9.1: bottle sketches on my design board
 All the designs following have been created from these drawings and not from the internet photos.
With one continuous piece of wire I recreated the principle shapes within the bottle arrangements.

9.2: wire bottle shapes
To go along with my pharmaceutical theme I needed to include the details of wide glass stoppers, glass carrying handles of solvent bottles, and the outer ribbed surface that features on all medicine bottles used for external use eg. topical lotions,emulsions, etc.

The layers for laminating were made largely from white and coloured tissue papers, and from dyed organzas and muslin fabrics so that they had some translucency for layering purposes. I also printed some papers and fabrics with appropriate text eg. old pharmacy labels and prescription instructions via the computer.
The wire shapes were used to make rubbings using crayons and acted as resists in monoprinting.  Other monoprints prepared on tissue used cardboard resists of the shapes and lines drawn back in from the reverse (as in 9.3)

9.3: monoprint

I then began to laminate them in arrangements using torn strips of layers, and positive and negative cutouts of the bottle shapes.  They were all backed with muslin to allow for stitching later.  I started to use a PVA mixture to laminate but found I preferred the feel and the translucency achieved with waxes, so the following examples are all made with melted beeswax pellets and Dorland's wax medium (the latter because I had a supply unused from a mixed media workshop in the past).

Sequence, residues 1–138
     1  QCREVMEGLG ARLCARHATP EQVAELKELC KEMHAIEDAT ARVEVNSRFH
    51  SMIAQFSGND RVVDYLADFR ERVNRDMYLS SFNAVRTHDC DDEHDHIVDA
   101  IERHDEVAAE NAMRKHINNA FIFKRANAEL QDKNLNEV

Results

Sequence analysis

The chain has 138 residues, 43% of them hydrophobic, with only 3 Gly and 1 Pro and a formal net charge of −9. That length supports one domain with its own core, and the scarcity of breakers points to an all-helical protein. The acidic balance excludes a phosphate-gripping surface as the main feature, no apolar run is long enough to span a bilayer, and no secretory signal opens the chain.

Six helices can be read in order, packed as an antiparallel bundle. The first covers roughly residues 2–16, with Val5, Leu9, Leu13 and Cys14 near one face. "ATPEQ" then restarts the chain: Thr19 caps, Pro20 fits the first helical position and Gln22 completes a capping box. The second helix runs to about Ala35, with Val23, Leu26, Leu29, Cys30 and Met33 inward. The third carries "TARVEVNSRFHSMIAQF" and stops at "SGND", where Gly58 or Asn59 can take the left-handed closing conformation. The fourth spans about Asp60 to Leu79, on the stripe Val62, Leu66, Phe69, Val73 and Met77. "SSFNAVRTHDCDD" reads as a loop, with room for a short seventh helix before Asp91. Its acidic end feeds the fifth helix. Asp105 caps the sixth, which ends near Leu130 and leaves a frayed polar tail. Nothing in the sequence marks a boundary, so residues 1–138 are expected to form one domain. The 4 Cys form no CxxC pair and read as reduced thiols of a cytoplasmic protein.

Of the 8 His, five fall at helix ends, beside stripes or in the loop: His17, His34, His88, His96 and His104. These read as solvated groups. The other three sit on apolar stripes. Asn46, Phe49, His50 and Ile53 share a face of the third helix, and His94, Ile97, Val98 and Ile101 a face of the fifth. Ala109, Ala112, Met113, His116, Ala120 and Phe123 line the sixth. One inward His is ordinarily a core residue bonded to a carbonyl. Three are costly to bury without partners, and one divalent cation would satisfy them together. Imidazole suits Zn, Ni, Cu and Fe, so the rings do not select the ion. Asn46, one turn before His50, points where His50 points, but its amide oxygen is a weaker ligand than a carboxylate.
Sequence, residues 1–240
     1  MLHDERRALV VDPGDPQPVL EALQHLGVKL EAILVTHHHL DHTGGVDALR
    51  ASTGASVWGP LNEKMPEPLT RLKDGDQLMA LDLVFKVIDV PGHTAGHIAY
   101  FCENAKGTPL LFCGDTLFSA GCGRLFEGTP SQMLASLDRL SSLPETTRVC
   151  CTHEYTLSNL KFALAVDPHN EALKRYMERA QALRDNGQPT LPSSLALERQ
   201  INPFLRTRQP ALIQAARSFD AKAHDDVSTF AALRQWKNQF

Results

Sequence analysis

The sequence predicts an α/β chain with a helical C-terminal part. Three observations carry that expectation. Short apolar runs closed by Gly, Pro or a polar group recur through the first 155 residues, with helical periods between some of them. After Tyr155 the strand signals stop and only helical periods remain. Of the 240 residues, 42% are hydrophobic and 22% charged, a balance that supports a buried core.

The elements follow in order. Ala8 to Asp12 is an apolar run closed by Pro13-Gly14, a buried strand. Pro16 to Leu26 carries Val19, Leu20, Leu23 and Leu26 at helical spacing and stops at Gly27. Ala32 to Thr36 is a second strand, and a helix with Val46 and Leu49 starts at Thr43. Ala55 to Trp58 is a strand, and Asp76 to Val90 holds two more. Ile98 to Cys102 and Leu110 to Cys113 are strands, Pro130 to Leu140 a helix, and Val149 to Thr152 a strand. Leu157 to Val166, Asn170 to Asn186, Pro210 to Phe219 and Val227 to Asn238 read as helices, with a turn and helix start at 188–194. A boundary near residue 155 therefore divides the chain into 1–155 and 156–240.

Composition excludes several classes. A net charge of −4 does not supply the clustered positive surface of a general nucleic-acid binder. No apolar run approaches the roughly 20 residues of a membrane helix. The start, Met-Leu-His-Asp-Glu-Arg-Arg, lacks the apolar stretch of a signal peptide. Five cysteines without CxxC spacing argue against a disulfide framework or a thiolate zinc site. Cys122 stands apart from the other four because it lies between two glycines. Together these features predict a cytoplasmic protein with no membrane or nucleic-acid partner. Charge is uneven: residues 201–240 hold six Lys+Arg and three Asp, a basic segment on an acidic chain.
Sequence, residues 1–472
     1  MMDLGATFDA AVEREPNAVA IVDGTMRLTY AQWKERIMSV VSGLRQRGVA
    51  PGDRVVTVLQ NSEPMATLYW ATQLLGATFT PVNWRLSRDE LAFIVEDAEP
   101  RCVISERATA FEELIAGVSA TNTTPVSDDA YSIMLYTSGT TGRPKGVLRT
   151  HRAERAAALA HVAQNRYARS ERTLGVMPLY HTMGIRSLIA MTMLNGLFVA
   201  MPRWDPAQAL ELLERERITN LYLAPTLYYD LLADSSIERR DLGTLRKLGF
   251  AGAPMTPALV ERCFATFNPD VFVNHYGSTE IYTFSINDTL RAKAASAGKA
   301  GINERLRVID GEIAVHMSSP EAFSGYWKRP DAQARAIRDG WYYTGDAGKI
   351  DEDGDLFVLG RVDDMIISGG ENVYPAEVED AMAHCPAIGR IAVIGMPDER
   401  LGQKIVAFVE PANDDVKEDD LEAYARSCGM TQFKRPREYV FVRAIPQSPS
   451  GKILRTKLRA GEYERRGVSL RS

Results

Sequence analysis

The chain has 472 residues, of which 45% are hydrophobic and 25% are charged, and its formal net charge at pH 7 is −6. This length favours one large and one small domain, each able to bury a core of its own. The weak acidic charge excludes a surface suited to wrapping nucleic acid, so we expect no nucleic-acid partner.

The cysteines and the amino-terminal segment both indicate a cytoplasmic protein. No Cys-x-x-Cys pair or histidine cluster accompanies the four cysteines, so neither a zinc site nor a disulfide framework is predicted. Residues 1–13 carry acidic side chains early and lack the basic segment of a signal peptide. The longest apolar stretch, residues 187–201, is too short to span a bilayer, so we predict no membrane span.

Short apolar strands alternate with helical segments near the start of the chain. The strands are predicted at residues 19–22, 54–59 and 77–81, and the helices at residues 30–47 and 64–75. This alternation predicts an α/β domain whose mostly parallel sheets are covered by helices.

I love the way the white tissue paper becomes so transparent - particularly effective when a partially monoprinted tissue is waxed and sections appear from layers underneath (9.4)

9.4: waxed monoprinted tissues and muslin
9.5: waxed monoprinted tissues and scrim
I then went back into a selection of the designs with free machine stitching using reverse cabling to emphasize the shapes.
Those wired paper bottles from last chapter made an appearance to add some dimension.
9.11: addition of wire bottle with paper pulp
The whole idea of layering made me think of shadowing effects that can be created in nunofelting (of course) with overlapped silks and melding of wools, so I tried a little piecing of prefelts in much the same way as the tissue paper layer here.

9.14: laid out prefelts and silks
And the resulting felt: